A service charge dispute addressed a number of issues, including whether legal costs incurred by the proceedings were recoverable under the service charge paid by lessees.
In Kensquare Ltd v Boakye , the appellant management company was the freeholder of property, within which the respondent held a long leasehold of a flat. The leaseholder was also a shareholder in the tenant-owned management company. The lease contained a provision requiring the leaseholder to pay a ‘Maintenance Contribution’, paid by two interim payments annually with a certification of service charges produced at the end of a service charge year. The freeholder was permitted, by the terms of the clause, to revise and adjust the Maintenance Contribution in an amount as it deems necessary considering any anticipated expenditure to be paid.
In a prior set of proceedings, the leaseholder made an application to determine whether the interim service charge demanded for the years 2011-2017 was reasonable and payable. The First-tier Tribunal concluded that they were payable, but the leaseholder did not pay the sums demanded and the freeholder subsequently served a s.146 notice to forfeit the lease. The leaseholder’s mortgagee paid the sums demanded.
Further service charge sums were demanded for 2018-2020, and the leaseholder brought the current application again to determine reasonableness and payability. The First-tier Tribunal concluded that lower sums were payable, and limited the recovery of legal fees to the service of the s.146 notice and not the recovery of fees paid in respect of the earlier proceedings. Legal fees for proceedings were not recoverable from the leaseholder through service charge. The freeholder appealed.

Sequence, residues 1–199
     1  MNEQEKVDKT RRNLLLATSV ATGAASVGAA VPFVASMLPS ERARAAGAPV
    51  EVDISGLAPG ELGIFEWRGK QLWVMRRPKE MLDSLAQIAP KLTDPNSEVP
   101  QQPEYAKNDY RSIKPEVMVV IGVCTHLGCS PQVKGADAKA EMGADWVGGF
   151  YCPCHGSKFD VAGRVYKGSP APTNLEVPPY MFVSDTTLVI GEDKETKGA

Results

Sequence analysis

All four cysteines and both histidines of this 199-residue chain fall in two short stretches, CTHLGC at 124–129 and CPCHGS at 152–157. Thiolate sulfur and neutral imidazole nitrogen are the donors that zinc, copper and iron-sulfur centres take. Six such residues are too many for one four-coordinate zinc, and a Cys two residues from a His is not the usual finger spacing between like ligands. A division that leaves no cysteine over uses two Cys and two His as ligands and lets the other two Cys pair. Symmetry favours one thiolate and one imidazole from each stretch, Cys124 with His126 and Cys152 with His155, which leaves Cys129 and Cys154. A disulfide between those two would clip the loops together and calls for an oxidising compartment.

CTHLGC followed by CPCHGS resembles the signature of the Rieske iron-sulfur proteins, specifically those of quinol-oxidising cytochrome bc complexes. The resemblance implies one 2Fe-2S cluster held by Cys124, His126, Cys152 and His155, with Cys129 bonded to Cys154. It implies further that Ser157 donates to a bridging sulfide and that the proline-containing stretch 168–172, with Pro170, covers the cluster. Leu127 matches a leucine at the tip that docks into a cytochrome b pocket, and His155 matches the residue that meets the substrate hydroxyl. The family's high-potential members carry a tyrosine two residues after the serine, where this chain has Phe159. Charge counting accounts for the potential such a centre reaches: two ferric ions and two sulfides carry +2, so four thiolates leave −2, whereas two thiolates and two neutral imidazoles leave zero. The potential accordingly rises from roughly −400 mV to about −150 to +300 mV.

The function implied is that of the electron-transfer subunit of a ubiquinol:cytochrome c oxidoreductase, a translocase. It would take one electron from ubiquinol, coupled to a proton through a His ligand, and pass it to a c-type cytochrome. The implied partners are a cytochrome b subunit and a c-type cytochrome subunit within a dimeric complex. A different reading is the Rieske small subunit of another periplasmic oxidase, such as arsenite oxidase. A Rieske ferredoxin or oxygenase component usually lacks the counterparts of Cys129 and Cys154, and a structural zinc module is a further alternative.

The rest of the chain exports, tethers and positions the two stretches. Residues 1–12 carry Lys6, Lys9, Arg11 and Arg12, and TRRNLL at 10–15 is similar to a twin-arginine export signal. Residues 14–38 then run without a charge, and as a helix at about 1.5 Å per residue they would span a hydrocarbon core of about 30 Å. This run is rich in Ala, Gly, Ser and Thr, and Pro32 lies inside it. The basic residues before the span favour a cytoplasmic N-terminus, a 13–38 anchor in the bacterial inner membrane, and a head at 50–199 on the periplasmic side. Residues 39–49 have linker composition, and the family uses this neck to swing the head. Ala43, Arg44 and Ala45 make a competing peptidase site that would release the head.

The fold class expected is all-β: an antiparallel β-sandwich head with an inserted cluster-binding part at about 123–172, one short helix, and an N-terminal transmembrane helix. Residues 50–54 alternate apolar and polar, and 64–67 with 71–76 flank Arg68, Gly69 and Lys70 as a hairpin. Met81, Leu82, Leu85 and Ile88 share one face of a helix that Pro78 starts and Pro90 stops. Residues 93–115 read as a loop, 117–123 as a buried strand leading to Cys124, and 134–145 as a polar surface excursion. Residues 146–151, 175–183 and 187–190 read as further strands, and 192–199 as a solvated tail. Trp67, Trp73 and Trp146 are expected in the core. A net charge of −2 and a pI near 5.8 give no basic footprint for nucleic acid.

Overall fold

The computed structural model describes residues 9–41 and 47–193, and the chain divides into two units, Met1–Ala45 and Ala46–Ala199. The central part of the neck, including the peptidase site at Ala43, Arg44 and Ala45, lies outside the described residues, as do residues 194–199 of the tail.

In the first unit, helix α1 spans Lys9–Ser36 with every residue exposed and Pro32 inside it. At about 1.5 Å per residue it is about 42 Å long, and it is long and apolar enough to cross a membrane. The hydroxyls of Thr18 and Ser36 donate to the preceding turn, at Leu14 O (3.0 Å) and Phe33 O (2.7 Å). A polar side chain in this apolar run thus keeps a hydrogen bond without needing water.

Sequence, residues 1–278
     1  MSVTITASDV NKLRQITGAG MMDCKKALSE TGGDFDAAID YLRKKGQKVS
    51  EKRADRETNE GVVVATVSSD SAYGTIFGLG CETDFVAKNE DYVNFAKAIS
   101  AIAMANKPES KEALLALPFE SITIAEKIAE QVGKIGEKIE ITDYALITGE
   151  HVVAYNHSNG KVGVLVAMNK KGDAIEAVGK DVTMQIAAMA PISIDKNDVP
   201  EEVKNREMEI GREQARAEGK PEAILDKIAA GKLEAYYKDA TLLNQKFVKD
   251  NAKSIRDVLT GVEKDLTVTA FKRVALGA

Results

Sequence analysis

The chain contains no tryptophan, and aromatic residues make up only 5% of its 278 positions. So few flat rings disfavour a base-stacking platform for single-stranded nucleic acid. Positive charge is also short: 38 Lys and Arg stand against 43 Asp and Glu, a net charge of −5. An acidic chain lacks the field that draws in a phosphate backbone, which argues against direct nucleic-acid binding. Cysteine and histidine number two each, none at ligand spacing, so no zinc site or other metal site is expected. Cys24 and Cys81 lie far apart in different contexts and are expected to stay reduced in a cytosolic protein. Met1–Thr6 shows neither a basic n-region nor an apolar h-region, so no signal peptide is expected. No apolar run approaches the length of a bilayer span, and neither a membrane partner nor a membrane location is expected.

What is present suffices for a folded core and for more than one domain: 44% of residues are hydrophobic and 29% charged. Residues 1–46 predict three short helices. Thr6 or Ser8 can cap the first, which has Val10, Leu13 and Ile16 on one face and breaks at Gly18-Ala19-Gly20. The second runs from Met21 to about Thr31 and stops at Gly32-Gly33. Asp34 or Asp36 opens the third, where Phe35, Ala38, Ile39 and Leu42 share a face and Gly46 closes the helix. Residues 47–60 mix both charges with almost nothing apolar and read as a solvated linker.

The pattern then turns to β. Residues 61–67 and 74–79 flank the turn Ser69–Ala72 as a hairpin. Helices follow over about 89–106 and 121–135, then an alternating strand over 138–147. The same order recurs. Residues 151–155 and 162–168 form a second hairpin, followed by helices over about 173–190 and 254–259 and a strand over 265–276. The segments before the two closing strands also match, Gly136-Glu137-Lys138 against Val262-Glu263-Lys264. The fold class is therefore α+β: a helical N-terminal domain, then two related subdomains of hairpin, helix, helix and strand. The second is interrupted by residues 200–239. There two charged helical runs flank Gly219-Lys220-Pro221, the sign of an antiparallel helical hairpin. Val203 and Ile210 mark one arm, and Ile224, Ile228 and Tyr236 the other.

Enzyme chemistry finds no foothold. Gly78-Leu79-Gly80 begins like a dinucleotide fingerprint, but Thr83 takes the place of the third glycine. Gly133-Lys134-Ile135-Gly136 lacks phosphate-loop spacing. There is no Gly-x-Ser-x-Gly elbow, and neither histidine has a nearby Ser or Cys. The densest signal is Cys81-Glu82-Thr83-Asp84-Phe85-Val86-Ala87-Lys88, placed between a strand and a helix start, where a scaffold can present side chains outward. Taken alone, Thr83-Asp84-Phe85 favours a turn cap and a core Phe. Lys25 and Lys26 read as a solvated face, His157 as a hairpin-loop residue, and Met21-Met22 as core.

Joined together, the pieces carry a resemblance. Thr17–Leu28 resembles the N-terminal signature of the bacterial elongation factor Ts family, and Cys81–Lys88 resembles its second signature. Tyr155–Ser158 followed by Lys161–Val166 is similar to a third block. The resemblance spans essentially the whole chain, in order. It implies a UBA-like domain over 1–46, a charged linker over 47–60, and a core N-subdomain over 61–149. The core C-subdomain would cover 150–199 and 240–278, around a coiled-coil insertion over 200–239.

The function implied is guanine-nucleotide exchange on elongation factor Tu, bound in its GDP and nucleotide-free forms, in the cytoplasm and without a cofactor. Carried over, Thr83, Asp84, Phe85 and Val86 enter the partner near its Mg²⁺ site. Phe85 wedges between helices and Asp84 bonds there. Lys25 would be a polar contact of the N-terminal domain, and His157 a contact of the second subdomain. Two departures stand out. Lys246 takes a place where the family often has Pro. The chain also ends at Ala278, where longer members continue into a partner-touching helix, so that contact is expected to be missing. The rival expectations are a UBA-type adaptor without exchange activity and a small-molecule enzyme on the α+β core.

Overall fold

The Upper Tribunal allowed the freeholder’s appeal.
Interim service charges demanded were payable by the leaseholder. The intention of the lease’s wording was clear, and amounts could be revised by the freeholder. No notice of adjustment was required in addition to the interim service charge demands, and the tenant was to pay £180 for each instalment unless the landlord revised and adjusted the interim charges.
The lease allowed for the recovery of legal costs. The freeholder’s intention was clear, and the earlier proceedings had been undertaken in connection with the service of a s.146 notice. The FTT was to determine the amount of costs payable.
The freeholder’s legal costs for both the 2017 and 2019 proceedings were incurred in connection with the management of the building and were recoverable through the service charge. The lease stated that the maintenance charge included ‘The cost of employing such professional advisers and agents as shall be reasonably required in connection with the management of the building.’ Considering the interpretation of wording, the UT found that the relevant purpose of the lease provision was the ‘management of the building’.
Advice and action for landlords
This case will be of comfort to landlords involved in legal proceedings in relation to reasonableness and payability of service charges, finding that legal costs incurred did fall under the ‘management of the building’ sufficiently to be recoverable.
However, landlords are advised to consider legal costs as a distinct cost centre within lease drafting, ensuring that wording is explicit in permitting the recovery of legal costs, albeit likely limited to ‘reasonably incurred’, through service charge.
The Upper Tribunal allowed the freeholder’s appeal. The freeholder’s legal costs for both the 2017 and 2019 proceedings were incurred in connection with the management of the building and were recoverable.